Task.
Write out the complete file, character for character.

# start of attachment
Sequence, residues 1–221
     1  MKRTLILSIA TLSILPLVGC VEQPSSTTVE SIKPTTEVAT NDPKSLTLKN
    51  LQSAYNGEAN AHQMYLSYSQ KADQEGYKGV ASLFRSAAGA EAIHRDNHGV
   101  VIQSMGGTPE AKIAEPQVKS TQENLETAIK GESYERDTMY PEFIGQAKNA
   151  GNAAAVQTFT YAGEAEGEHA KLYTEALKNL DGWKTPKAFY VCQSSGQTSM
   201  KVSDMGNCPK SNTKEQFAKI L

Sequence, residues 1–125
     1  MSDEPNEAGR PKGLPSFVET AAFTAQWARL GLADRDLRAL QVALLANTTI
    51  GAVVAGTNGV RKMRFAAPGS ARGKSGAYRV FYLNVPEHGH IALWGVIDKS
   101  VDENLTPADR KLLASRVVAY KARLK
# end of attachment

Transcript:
Sequence, residues 1–221
     1  MKRTLILSIA TLSILPLVGC VEQPSSTTVE SIKPTTEVAT NDPKSLTLKN
    51  LQSAYNGEAN AHQMYLSYSQ KADQEGYKGV ASLFRSAAGA EAIHRDNHGV
   101  VIQSMGGTPE AKIAEPQVKS TQENLETAIK GESYERDTMY PEFIGQAKNA
   151  GNAAAVQTFT YAGEAEGEHA KLYTEALKNL DGWKTPKAFY VCQSSGQTSM
   201  KVSDMGNCPK SNTKEQFAKI L

Sequence, residues 1–125
     1  MSDEPNEAGR PKGLPSFVET AAFTAQWARL GLADRDLRAL QVALLANTTI
    51  GAVVAGTNGV RKMRFAAPGS ARGKSGAYRV FYLNVPEHGH IALWGVIDKS
   101  VDENLTPADR KLLASRVVAY KARLK